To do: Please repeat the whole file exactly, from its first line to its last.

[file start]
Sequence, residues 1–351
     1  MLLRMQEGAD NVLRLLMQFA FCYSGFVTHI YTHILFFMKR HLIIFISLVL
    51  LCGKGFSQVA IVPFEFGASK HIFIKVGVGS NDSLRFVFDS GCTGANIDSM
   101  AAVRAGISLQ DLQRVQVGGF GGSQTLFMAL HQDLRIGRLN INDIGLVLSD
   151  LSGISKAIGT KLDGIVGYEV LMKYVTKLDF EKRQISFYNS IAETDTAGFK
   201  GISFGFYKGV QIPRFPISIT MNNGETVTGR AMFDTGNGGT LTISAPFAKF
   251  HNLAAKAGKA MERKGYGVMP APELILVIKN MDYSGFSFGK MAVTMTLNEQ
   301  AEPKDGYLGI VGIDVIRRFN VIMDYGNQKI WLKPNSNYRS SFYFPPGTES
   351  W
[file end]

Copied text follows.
Sequence, residues 1–351
     1  MLLRMQEGAD NVLRLLMQFA FCYSGFVTHI YTHILFFMKR HLIIFISLVL
    51  LCGKGFSQVA IVPFEFGASK HIFIKVGVGS NDSLRFVFDS GCTGANIDSM
   101  AAVRAGISLQ DLQRVQVGGF GGSQTLFMAL HQDLRIGRLN INDIGLVLSD
   151  LSGISKAIGT KLDGIVGYEV LMKYVTKLDF EKRQISFYNS IAETDTAGFK
   201  GISFGFYKGV QIPRFPISIT MNNGETVTGR AMFDTGNGGT LTISAPFAKF
   251  HNLAAKAGKA MERKGYGVMP APELILVIKN MDYSGFSFGK MAVTMTLNEQ
   301  AEPKDGYLGI VGIDVIRRFN VIMDYGNQKI WLKPNSNYRS SFYFPPGTES
   351  W